John Hanlon Reviews

Film Reviews

No Escape Poster

No Escape

Genre: Action and Adventure, Thriller

Director: John Erick Dowdle

Cast: Owen Wilson, Pierce Brosnan, Lake Bell

MPAA-Rating: R

Release Date: August 26th, 2015

This past weekend, capsule Zac Efron, remedy Owen Wilson and a prayerful cast duked it out at the box office. Despite the odds, the prayerful cast beat the other two new theatrical releases and opened at number 2 at the box office behind only Straight Outta Compton.

Straight Outta Compton won its third weekend in a row with an estimated weekend gross of 13 million dollars.

Here are the estimated weekend grosses of the top five films (according to

1. Straight Outta Compton — $13.2 million
2. War Room — $11.0 million
3. Mission: Impossible – Rogue Nation — $8.3 million
4. No Escape — $8.2 million
5. Sinister 2 — $4.6 million

With that in mind, let’s take a look at the big winners at the box office and a few of the big losers.

Loser:  We are your Friends

Zac Efron’s new drama We are your Friends crashed at the box office this weekend opening outside of the top ten. In fact, the feature about a hustling D.J. and his friends actually had one of the worst opening weekends of all time for a major release. With an opening weekend of 1.8 million, it looks this WB feature didn’t have the friends it thought it did.

Winner: War Room

Movies like War Room are considered surprise hits because entertainment reporters sometimes underestimate the audience for faith-based films. Despite lacking star power (and critical support), the film opened at number 2 at the box office, beating Efron’s latest and the newest entry from Owen Wilson.

 Loser: Sinister 2

In its second weekend, Sinister 2 took a big hit at the box office dropping off by more than 55%. Considering its budget, the film is still profitable but with critics and with viewers, the film has been a major letdown in the series.

Winner: Straight Outta Compton

August is usually a slow month for movies but not for Compton, which has now grossed over one hundred million dollars on– according to– a budget of twenty-eight million dollars. With numbers like these, audiences can expect more musical biopics to come.
There is something painfully realistic about the new Owen Wilson thriller No Escape. The drama features an American family living abroad who are caught in the middle of a riot that threatens their lives. Despite the film’s fictional story, check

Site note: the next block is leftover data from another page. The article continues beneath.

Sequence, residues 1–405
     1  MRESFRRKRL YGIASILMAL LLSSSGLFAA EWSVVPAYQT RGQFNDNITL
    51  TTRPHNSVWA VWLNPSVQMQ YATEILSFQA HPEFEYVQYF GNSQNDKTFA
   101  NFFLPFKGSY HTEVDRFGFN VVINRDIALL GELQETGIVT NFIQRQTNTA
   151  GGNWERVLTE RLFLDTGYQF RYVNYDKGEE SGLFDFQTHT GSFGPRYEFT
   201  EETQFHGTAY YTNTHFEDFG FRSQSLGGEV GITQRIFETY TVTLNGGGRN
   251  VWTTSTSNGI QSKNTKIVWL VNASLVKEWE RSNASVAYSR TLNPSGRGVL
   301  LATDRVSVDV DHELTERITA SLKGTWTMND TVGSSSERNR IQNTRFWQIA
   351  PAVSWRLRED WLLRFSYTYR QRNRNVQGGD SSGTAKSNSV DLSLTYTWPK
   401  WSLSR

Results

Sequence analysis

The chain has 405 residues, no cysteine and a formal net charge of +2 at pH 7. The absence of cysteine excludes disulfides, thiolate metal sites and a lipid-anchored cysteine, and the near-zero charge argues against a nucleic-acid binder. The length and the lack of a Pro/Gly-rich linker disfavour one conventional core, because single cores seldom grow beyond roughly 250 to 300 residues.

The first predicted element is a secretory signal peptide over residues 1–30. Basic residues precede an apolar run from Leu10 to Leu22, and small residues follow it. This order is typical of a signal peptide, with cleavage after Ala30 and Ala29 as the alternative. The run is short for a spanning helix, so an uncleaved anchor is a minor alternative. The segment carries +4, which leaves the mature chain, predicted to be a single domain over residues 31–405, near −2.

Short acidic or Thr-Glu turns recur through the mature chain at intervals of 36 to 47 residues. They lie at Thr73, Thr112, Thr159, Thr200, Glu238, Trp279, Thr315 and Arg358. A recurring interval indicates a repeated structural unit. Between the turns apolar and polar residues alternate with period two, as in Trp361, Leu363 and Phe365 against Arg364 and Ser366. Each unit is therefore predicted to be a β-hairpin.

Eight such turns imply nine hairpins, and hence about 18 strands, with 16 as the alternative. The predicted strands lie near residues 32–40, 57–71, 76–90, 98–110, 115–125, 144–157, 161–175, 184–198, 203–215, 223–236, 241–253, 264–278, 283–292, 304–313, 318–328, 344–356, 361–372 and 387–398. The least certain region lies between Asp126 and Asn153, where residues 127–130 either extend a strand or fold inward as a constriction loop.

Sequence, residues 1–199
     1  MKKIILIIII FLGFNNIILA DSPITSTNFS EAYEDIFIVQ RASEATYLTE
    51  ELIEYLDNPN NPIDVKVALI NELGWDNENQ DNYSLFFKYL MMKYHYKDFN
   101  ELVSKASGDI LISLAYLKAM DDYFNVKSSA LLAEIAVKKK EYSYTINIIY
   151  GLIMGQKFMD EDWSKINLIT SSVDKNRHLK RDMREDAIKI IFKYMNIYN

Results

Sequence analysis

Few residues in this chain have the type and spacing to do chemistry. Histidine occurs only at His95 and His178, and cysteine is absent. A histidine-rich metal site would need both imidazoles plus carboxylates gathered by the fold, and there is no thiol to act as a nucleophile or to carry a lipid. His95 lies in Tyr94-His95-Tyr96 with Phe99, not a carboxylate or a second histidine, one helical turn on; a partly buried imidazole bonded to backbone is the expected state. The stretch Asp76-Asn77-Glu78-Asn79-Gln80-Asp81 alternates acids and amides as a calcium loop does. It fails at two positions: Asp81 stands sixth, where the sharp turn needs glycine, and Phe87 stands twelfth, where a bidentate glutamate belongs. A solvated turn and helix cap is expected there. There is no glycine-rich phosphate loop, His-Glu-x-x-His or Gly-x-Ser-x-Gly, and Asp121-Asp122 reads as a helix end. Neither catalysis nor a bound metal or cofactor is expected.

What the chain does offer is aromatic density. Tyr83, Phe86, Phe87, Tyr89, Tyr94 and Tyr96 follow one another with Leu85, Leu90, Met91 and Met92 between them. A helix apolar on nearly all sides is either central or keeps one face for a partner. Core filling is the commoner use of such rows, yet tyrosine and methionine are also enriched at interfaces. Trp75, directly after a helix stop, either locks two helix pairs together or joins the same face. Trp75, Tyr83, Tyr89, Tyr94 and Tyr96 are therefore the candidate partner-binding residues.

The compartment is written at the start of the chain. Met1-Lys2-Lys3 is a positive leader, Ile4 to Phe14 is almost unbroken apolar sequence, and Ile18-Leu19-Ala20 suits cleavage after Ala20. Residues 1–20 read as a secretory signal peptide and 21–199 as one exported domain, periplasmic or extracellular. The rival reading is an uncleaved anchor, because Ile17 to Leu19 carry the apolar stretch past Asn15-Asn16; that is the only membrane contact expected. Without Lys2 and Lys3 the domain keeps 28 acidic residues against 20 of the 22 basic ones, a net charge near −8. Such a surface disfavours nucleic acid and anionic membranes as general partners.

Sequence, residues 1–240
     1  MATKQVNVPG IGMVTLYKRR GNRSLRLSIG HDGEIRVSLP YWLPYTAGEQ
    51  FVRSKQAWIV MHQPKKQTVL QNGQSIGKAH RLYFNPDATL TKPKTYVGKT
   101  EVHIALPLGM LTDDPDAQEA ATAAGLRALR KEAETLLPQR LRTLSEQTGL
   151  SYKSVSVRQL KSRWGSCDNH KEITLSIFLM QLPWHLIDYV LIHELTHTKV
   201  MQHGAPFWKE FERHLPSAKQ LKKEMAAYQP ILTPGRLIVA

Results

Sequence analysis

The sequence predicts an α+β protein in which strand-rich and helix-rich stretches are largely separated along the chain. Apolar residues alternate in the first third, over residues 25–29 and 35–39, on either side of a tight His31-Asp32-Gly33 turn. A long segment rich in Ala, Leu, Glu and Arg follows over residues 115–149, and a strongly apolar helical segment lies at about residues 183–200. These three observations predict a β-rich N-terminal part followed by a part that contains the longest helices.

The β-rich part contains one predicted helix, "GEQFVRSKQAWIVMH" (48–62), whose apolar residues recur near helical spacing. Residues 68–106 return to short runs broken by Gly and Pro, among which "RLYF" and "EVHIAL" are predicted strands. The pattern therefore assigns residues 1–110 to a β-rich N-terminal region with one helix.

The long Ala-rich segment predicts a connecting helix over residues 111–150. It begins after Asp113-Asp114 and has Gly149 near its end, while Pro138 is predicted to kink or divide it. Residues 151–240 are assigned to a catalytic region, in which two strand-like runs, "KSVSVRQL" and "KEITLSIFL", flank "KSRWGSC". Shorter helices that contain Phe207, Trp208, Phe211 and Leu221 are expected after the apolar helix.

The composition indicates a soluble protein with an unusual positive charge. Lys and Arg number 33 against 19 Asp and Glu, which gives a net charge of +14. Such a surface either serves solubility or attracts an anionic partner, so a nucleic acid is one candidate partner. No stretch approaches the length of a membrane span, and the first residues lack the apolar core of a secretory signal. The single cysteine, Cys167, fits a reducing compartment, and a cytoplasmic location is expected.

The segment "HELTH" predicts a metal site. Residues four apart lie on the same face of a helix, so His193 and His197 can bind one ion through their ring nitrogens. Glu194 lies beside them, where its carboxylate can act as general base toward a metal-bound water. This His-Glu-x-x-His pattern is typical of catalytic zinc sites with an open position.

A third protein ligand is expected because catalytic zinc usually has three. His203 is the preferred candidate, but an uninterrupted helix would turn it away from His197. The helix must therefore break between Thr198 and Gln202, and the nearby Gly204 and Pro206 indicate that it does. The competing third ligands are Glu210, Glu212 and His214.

the harrowing tale—which features an attack of an American embassy overseas— seems all too familiar to those who watched coverage of the 2012 embassy attack in Benghazi and the embassy attacks before then.

The main characters may be superficial in this action film but director John Erick Dowdle more than makes up for that by capturing the frantic pace of the situation in a real and compelling way.

John Erick Dowdle and his brother Drew Dowdle co-wrote the script, pill
which focuses on the plight of a young couple (played by Owen Wilson and Lake Bell) and their two daughters.

Wilson stars as Jack Dwyer, an unsuccessful businessman who has accepted a new job in Asia for a company that plans to bring clean drinking water to the locals. His character, while never well-developed, serves as a solid focal point of this story. He’s simply a father overwhelmed by his personal failings who wants to start over for his family’s sake. Wilson, better known for his comedic work, imbues him with a relatability that comes in handy when the residents of their new home turn against them.

While Dwyer is on a walk one morning to purchase the newspaper, he sees two feuding forces approaching him. On one side of him is a large military force while on the other side, there’s an angry crowd of rioters and revolutionaries. Within minutes of picking up the paper, Dwyer finds himself in the midst of a city riot where Americans are being targeted.

The director then follows Wilson’s journey as he attempts to rescue his family. Although the shaky camerawork is sometimes a bit jarring, it’s never too distracting to take away from the situation itself. Throughout the feature’s 103 minute runtime, the filmmaker builds up an overpowering level of suspense as he attempts to bring the viewers into this extreme but unfortunately realistic scenario.

Despite some reservations, Wilson is more than up to the task of serving as a hero here. His character lacks the bravado of John McClane but that’s what makes it more compelling. Dwyer is an unlikely hero who is simply trying to survive. As Hammond, a British associate that Dwyer meets at a bar, Pierce Brosnan is far more up to the task of being an action hero. He’s the far more obvious pick for the lead role but by casting Wilson, the filmmakers are showing viewers that this character isn’t meant to be a born action hero. He’s just thrust into that role.

It’s true that No Escape lacks the intrigue of summer blockbusters like Mission Impossible: Rogue Nation or the visuals of Jurassic World but it more than makes up for it in its simple premise. It’s hard not to feel for the victimized family who are being chased here because of their American heritage. The script eventually offers a silly conspiracy theory to explain the riots but the less said about that reasoning, the better.

The film works best when it’s simply an action thriller about a family being chased by rioters overseas and for most of its running time, that’s exactly what it is.

Review by: John Hanlon